Which case won?

The case for the passenger
  • After the hot tea was spilt on me, I jumped up and twisted my back sharply.
  • I immediately felt a sharp pain in my lower back.
  • The pain persisted after the flight and I had to have surgery on my spine.
  • I now suffer ongoing pain and disability because of the spinal injury I sustained during the flight.
The case for the airline
  • The passenger did not complain of back pain during the flight.
  • The passenger waited five days after the flight before seeking treatment for her spinal injury, despite allegedly enduring a high level of pain.
  • There is copious medical evidence that the passenger already had a significant back problem for some time before the flight.
  • The incident on the airplane did not cause or exacerbate the passenger’s back problem.

So, which case won?

Cast your judgment below to find out
Case A Case B

Case B won. You were right!

How people voted
case a30%
case b70%

Expert commentary on the court's decision

Julia Camus
Julia CamusSenior Associate
“The judge did not accept that the spinal injury the passenger suffered was a consequence of the tea-spilling incident or was aggravated by that incident.”
Spinal injury not a consequence of tea-spilling incident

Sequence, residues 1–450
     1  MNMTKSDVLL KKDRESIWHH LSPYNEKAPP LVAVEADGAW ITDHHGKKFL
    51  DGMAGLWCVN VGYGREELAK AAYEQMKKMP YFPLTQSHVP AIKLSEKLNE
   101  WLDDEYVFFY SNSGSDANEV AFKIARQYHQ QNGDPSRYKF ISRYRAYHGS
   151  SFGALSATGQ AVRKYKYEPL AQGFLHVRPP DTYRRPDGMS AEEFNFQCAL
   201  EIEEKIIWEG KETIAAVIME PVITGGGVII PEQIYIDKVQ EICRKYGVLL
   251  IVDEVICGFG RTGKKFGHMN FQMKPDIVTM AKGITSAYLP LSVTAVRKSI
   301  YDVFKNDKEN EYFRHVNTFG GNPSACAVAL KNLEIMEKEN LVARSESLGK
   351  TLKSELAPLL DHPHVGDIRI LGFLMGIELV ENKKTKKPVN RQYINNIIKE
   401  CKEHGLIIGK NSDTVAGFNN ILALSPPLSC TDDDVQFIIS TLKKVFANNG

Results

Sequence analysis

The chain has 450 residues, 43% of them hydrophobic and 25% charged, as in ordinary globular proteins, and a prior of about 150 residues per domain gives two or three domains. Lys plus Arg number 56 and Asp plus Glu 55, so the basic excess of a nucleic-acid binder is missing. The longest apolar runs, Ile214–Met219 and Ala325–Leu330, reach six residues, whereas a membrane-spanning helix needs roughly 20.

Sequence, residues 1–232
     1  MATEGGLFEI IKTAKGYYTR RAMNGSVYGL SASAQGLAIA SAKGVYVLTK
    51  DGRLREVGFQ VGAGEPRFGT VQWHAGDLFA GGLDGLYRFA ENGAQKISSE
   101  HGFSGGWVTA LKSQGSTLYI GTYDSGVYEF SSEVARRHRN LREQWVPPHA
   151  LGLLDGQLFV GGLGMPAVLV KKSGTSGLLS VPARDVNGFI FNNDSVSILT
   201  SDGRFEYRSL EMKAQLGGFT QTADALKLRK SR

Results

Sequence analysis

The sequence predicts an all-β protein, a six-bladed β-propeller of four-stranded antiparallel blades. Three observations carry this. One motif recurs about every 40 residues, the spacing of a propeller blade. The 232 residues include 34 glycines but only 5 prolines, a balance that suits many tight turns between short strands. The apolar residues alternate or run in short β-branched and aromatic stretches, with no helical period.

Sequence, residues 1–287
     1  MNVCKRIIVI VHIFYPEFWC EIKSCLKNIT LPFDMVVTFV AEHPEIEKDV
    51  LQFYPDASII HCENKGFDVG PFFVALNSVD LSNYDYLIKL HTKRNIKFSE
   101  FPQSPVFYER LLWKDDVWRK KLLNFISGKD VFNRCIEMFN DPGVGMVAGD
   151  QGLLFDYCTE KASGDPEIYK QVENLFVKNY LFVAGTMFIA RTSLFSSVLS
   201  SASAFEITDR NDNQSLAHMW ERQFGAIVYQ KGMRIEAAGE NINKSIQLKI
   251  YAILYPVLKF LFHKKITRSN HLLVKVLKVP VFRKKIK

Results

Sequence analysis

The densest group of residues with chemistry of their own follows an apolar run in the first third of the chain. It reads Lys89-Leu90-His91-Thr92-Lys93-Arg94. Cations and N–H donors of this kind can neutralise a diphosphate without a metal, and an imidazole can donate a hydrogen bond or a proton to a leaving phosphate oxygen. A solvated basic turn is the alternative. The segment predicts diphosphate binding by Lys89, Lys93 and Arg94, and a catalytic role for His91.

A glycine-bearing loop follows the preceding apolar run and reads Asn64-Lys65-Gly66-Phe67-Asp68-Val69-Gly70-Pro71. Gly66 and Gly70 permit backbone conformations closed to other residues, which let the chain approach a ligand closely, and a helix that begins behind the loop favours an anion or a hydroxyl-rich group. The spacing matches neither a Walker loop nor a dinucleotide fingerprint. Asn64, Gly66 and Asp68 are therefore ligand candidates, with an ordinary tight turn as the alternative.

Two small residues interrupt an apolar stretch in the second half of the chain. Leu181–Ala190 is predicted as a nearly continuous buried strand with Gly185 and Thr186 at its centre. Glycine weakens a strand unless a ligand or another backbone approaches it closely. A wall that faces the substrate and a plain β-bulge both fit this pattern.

In the case Dibbs v Emirates [2015] NSWSC 1332, the judge accepted that the incident when hot tea was spilt on the passenger, Michelle Dibbs, was an “accident” as defined by the Montreal Convention, which has force of law in Australia.

However, he did not accept that the back injury Ms Dibbs suffered was a consequence of that incident or was aggravated by that incident.

Factors casting doubt on passenger's version of events

Several details served to cast doubt on the passenger’s version of events. One was that the report of the tea-spilling incident compiled by the crew during the flight referred only to the mild burn Ms Dibbs had sustained from the hot tea and made no mention of back pain.

Another was the five-day delay between the mid-flight incident and Ms Dibbs seeking medical help.

The judge noted, somewhat witheringly, that although Ms Dibbs had seen a number of doctors and medical specialists following the flight, “the first person independent of the plaintiff to record a complaint from her associating the tea incident with the injury… were the doctors the plaintiff consulted for the purposes of litigation.”

Passenger’s account of events seen as lacking credibility

The judge found the evidence of Ms Dibbs and her fiancé, who accompanied her on the flight, to be unreliable, stating: “the detail of significant events, such as how she fell after being splashed with tea, shifted under cross-examination like sands under the force of a strong current.”

Consequently, the passenger’s claim against the airline was dismissed. Furthermore, she was ordered to pay the airline’s legal costs, in addition to her own.

NOTICE: This article is accurate as at the time of publication and does not constitute legal advice. Please see our legal notices page for more information. Information related to coronavirus can be outdated very quickly.

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